Iran has braced itself to face any possible scenario, IRGC chief says
Iran Press TV
Friday, 01 January 2021 11:22 AM
The chief commander of the Islamic Revolution Guards Corps (IRGC) has warned the United States against any provocative moves in the Persian Gulf, emphasizing that the Islam Republic stands fully prepared for any possible scenario.
Speaking at a ceremony marking the first anniversary of the assassination of top Iranian anti-terror commander Lieutenant General Qassem Soleimani and his companions in a US drone strike near Baghdad airport, Major General Hossein Salami said Pentagon's recent decision to ramp up its military presence and activities in the Persian Gulf and the Sea of Oman is because of the mistake it made last year.
Salami noted that the assassination of Lt. Gen. Soleimani, commander of the Quds Force of Iran's Islamic Revolution Guards Corps (IRGC), and his Iraqi trenchmate Abu Mahdi al-Muhandis, deputy head of the Popular Mobilization Units (PMU), and their associates bred passionate hatred among Muslims worldwide.
"This intense hatred always haunts Americans like a nightmare. They have taken a series of actions to escape from this horrible nightmare. We have braced ourselves for any scenario," he pointed out.
"Iran has no worries. We are ready to defend our independence, vital interests and achievements of our great [1979 Islamic] revolution as we have demonstrated over the past 41 years.
"Today, we have no problems, worries nor concerns to face any military power," Major General Salami noted.
On Wednesday, two nuclear-capable American B-52 bombers flew over the Persian Gulf after nonstop flights to the region from their US-based hangars. It was the third time in six weeks that American bombers were conducting long-range flights off the Iranian coast.
The latest deployments came after the US Navy announced the arrival of a nuclear-powered submarine in the Persian Gulf last week. The USS Georgia passed the Strait of Hormuz accompanied by two American warships, making it the first missile-loaded submarine of its kind to enter the Persian Gulf in eight years.
The region has witnessed escalating tensions since Trump accused Iran of playing a role in attacks on the US embassy in Iraq late last month, which Tehran has dismissed as false flag operations.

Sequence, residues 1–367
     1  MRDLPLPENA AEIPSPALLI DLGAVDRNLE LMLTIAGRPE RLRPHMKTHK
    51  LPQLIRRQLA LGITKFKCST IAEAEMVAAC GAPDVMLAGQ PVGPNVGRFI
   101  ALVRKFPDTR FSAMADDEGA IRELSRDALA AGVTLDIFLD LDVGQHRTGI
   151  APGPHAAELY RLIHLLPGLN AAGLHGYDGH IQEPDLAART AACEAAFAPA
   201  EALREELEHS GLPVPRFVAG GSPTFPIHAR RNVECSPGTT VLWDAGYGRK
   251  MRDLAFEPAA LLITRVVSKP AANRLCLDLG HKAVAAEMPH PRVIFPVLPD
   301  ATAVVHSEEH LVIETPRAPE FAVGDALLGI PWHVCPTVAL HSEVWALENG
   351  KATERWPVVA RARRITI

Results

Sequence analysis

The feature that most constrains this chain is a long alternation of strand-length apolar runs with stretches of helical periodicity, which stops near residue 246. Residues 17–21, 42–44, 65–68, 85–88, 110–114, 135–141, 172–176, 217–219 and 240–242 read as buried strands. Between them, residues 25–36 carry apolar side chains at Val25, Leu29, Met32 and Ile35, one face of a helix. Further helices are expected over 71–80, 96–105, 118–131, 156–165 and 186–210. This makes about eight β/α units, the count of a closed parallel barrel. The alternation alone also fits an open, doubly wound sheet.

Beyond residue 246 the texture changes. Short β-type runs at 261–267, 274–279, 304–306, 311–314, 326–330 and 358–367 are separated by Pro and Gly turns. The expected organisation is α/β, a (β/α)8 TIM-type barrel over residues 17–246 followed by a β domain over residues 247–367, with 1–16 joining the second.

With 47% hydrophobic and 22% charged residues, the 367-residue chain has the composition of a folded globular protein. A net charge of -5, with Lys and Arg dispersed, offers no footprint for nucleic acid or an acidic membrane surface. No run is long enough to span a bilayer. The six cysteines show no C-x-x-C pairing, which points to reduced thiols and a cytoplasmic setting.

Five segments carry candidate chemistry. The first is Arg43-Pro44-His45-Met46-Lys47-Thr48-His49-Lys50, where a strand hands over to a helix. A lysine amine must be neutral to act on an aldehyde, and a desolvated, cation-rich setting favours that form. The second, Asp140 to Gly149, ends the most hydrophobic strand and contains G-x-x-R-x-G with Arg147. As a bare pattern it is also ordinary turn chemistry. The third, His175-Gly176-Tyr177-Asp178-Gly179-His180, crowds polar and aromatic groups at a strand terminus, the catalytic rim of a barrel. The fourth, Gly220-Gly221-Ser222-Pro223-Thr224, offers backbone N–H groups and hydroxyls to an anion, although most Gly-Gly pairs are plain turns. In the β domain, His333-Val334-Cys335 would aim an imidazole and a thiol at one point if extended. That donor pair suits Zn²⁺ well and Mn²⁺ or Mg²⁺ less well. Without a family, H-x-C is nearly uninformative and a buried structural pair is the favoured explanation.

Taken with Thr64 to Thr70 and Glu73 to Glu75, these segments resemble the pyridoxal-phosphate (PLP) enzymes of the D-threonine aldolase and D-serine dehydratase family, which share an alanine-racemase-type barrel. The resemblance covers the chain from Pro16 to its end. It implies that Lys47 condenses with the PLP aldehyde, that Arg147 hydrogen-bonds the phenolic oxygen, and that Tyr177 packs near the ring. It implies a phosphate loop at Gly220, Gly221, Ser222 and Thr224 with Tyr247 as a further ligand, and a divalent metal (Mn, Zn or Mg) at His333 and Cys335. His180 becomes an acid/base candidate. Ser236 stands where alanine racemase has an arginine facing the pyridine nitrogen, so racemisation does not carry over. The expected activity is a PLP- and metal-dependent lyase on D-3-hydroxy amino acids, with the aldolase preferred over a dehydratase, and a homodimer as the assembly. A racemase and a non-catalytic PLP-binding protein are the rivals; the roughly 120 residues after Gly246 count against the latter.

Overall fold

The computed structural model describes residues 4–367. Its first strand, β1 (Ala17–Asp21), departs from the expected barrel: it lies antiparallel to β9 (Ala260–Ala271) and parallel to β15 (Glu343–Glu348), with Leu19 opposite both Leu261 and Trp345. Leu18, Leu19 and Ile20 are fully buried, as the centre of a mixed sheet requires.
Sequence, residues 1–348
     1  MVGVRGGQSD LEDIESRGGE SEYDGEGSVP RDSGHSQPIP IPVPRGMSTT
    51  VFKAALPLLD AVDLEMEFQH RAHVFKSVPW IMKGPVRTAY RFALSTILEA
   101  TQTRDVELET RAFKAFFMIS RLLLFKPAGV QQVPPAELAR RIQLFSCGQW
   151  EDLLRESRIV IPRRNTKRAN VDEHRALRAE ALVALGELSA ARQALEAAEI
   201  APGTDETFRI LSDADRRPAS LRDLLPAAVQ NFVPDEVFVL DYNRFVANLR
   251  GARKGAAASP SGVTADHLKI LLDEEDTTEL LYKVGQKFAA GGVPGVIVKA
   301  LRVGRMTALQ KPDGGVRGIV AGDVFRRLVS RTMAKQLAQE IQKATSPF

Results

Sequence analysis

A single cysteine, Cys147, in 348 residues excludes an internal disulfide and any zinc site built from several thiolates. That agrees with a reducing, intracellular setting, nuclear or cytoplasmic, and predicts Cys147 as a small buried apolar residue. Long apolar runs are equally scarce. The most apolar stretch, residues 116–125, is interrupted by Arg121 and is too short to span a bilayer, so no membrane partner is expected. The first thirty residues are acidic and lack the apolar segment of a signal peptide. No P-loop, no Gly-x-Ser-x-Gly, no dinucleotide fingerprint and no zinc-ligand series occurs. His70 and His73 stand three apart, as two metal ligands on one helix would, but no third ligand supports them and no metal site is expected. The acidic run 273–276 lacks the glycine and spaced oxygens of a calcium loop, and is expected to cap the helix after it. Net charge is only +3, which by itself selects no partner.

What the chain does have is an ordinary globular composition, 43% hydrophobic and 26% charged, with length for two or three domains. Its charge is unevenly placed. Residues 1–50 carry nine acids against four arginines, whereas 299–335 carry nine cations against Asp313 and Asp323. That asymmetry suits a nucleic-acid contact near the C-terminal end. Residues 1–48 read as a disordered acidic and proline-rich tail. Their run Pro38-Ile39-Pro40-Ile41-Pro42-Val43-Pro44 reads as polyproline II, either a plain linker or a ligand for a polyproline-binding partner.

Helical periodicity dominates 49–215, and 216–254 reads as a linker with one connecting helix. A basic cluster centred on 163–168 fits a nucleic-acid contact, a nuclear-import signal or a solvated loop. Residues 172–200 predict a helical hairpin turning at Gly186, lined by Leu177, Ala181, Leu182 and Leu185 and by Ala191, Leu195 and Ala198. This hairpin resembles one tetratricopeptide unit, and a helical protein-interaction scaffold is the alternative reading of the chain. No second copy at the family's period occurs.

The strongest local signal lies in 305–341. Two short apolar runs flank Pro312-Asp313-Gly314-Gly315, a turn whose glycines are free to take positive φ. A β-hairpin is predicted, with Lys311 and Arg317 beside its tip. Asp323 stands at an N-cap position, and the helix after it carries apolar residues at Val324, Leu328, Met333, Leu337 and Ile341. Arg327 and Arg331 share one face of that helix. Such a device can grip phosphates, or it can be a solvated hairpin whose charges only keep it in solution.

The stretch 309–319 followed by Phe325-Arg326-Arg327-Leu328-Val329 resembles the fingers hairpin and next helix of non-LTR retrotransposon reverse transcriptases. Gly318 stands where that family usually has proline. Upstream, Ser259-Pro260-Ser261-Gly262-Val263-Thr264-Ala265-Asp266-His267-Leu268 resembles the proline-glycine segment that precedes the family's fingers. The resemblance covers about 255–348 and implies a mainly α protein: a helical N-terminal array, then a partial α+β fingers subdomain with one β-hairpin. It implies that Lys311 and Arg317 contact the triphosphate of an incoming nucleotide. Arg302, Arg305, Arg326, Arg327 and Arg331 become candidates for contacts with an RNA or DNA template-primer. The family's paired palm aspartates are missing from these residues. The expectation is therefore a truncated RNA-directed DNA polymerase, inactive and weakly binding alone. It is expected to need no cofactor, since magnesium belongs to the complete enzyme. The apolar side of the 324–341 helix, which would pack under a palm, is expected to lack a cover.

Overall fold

Anti-terror leader: Iraq should have responded firmly
The leader of Asa'ib Ahl al-Haq anti-terror group, whose fellow fighters are part of the PMU better known as Hashd al-Sha'abi, says Baghdad should have given an appropriate response to the assassinations.
"I regret the procrastination in responding to the target killings of Gen. Soleimani and Abu Mahdi Al-Muhandis. Iraq's response should have been stronger than Iran's," Qais al-Khazali told Iraq's Arabic-language al-Ahad television network on Thursday night.
"As an Iraqi national, I am heartbroken not to have responded to the assassination of Martyr Abu Mahdi al-Muhandis. The United States should not harbor the delusion that the resistance's response to any aggression will not be befitting. The presence of any foreign military base on Iraqi soil is unlawful and against the Constitution, especially after the approval of the Iraqi parliament's resolution."
The leader of Asa'ib Ahl al-Haq group then called on the Iraqi Judiciary to prosecute those responsible for the assassinations before Trump ends his tenure on January 21.
General Soleimani and Muhandis were assassinated along with their companions in a US terror drone strike authorized by Trump near Baghdad International Airport on January 3, 2020.
Iraqi lawmakers approved a bill two days later, demanding the expulsion of all foreign military forces led by the United States from the Arab country.
The US assassination drew a wave of condemnation from officials and movements throughout the world, and triggered huge public protests across the region.
On January 8, the IRGC targeted the US-run Ain al-Assad air base in Iraq's western province of Anbar after launching a wave of attacks to retaliate the assassination of Gen. Soleimani.
According to the Pentagon, more than 100 American forces suffered "traumatic brain injuries" during the counterstrike on the base. The IRGC, however, says Washington uses the term to mask the number of the Americans who perished during the retaliation.
Iran has described the missile attack on Ain al-Assad air base as a "first slap."
Head of the Judiciary's High Council for Human Rights Ali Baqeri-Kani said on Monday Iran has identified 48 suspects behind the terrorist act.
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